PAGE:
Herrera Beutler said she earlier had supported Kavanaugh, but recent sexual misconduct allegations about the nominee are “serious and I think both the accuser and the accused deserve to have their stories heard out, which I now understand is what’s going to happen next week in front of the U.S. Senate.”
Both Herrera Beutler and Long said the Mueller investigation, which President Donald Trump calls a “witch hunt,” should continue.
Both candidates said climate change needs to be addressed, pointing to this past summer’s widespread wildfires, but Herrera Beutler said she opposes a carbon tax like the one proposed in Initiative 1631. She said it would stifle the economy. Long said she still is studying the issue and has not decided how to vote on Initiative 1631, which voters will decide on in November.
Long criticized Herrera Beutler for failing to host in-person town halls and declining invitations for two additional campaign debates. Herrera Beutler responded that Long, who has taught political science at Washington State University Vancouver for 23 years but moved into the district about 17 months ago, doesn’t know the community as well as she does.
“My husband and I are raising our two children here because this is home. Win, lose or draw, these are the communities that shape my perspectives and my values and my priorities,” she said. “I haven’t had to hold a series of campaign rallies to get to know the hearts and the minds of the folks here. I actually am living here with my family.”
Her allegation that Long is waiting to raise her family in the district until after the election elicited loud groans from the packed room. But Herrera Beutler received cheers for her statement that there’s more than one way to connect with people.
Cory Elliott, a union carpenter from Centralia, said he came to support Long because she opposes right-to-work laws and supports unions.
Robert Basina, who sported a “Make America Great Again” hat, said he didn’t initially vote for Herrera Beutler but will do so in the November general election because he wants to prevent Washington from becoming “completely socialist.”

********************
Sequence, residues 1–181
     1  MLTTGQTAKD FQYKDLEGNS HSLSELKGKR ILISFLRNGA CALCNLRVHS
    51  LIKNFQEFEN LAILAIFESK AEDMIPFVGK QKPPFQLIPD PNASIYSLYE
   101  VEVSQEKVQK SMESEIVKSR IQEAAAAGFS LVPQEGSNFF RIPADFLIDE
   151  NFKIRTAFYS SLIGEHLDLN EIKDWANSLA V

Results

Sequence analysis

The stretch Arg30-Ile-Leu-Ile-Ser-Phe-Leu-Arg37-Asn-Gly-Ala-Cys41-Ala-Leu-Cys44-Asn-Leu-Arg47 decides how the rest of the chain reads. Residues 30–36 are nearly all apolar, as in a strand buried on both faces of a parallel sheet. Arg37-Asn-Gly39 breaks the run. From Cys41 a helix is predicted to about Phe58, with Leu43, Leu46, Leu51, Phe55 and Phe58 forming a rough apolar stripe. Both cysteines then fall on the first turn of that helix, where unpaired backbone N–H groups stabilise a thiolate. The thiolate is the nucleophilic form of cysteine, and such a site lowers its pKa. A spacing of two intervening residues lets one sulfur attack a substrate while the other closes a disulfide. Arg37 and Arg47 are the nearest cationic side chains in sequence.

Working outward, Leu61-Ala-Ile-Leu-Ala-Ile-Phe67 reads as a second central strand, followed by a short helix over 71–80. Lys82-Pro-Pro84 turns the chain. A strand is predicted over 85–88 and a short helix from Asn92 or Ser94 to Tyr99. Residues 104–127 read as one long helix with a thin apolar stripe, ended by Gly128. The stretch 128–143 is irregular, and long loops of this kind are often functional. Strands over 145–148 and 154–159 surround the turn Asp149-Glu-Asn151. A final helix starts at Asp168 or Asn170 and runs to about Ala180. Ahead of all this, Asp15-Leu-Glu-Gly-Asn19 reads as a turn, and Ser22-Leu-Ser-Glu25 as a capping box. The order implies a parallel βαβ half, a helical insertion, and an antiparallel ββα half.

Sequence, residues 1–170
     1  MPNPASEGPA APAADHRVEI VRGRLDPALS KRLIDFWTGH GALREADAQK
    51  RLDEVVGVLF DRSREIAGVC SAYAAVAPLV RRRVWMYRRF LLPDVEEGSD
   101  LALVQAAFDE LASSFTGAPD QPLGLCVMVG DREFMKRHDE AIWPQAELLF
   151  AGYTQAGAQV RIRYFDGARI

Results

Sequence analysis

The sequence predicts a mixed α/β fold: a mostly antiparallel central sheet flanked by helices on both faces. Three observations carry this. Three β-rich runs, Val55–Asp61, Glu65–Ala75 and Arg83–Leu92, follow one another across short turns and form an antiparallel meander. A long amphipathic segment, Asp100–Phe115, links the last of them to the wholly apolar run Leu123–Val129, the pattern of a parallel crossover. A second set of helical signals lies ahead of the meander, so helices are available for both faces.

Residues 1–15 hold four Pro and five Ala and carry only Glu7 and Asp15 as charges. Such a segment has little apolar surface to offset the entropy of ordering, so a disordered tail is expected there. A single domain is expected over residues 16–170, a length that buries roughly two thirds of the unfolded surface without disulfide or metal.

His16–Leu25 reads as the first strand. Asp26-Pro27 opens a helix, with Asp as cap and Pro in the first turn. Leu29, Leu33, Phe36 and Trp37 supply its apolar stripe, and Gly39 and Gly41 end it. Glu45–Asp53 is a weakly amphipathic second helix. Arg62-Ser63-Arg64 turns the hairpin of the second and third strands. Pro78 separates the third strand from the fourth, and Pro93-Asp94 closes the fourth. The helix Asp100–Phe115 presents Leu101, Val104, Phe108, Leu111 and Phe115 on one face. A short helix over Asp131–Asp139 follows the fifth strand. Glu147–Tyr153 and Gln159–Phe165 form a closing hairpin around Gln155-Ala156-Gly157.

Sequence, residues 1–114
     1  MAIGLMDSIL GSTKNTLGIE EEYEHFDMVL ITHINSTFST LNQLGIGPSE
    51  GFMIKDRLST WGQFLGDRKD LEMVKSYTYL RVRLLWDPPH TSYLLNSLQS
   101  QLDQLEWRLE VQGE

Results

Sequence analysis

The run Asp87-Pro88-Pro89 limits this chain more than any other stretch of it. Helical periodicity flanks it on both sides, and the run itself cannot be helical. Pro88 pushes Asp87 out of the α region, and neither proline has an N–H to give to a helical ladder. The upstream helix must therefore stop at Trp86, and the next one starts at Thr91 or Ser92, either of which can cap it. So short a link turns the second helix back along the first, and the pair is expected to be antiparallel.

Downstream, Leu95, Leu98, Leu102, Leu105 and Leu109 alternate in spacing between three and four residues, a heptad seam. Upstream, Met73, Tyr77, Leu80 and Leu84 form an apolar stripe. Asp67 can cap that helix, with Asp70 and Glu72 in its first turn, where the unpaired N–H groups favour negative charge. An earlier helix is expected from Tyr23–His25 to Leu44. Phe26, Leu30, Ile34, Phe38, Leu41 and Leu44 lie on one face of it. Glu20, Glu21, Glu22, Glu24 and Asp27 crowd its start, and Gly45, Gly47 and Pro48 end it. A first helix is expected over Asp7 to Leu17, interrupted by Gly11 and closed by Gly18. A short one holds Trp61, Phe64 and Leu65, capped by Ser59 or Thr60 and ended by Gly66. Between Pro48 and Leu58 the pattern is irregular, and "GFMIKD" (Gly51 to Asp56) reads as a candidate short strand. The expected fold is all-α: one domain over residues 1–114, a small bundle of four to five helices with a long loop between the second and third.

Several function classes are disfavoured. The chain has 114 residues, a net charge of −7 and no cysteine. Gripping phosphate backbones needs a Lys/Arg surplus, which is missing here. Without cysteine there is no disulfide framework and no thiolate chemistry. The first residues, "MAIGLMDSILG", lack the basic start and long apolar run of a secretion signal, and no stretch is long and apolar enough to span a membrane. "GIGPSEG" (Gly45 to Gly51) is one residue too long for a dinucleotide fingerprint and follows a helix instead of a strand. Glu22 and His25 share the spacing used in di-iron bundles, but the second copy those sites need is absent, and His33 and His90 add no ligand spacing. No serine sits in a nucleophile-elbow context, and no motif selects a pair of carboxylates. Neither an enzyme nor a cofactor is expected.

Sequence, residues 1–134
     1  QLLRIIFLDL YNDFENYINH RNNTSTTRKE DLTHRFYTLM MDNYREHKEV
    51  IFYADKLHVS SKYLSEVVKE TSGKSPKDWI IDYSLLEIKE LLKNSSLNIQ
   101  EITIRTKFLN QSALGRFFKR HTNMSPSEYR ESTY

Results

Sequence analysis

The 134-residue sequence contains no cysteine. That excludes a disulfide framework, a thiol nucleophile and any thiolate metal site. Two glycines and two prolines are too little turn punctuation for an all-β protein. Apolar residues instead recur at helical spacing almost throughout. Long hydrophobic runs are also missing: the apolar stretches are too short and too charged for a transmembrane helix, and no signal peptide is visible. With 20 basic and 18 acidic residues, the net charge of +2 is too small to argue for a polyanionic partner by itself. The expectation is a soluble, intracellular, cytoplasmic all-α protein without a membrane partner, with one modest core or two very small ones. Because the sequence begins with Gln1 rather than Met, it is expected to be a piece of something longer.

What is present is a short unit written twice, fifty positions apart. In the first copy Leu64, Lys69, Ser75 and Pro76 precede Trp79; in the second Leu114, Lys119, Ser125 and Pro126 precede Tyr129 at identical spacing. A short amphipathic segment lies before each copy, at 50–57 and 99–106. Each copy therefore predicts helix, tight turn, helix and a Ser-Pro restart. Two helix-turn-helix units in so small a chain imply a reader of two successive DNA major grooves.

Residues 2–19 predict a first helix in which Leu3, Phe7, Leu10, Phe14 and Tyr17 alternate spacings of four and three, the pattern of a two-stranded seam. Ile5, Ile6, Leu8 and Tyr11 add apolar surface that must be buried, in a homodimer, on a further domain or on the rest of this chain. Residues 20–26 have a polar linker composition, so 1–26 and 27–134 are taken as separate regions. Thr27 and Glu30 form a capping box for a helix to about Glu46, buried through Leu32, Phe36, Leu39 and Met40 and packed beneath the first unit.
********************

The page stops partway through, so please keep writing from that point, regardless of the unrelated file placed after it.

Following the debate, Walter Pistor of Kalama said Long promotes “typical” Democratic ideas that aren’t viable.
“Carolyn is a theorist and Jaime is a realist,” he said. He added that, as an U.S. Air Force veteran, he is grateful for Herrera Beutler’s work with other veterans.
“She comes across as more compassionate,” he said.
Susan Taylor, a Long supporter from Vancouver, said it seemed like Herrera Beutler took more shots at Long and she wished the crowd was less “unruly.”
“I’m really worried about the (budget) deficit,” she said. “Rep. Herrera Beutler said (in a debate held by the Vancouver Columbian) that she was beyond happy with the economy (but) the debt continues to grow. Long recognizes that it’s a problem.”
Hannah Landrigan, a Woodland High School senior, said she and her whole 39-member AP government class attended the event as part of a field trip. She told The Daily News ahead of the forum that she was undecided but expected to make up her mind after hearing the candidates’ positions Tuesday.
“More (young people) are involved than the older generation thinks. We are opinionated in a good way because we want to see change happen.”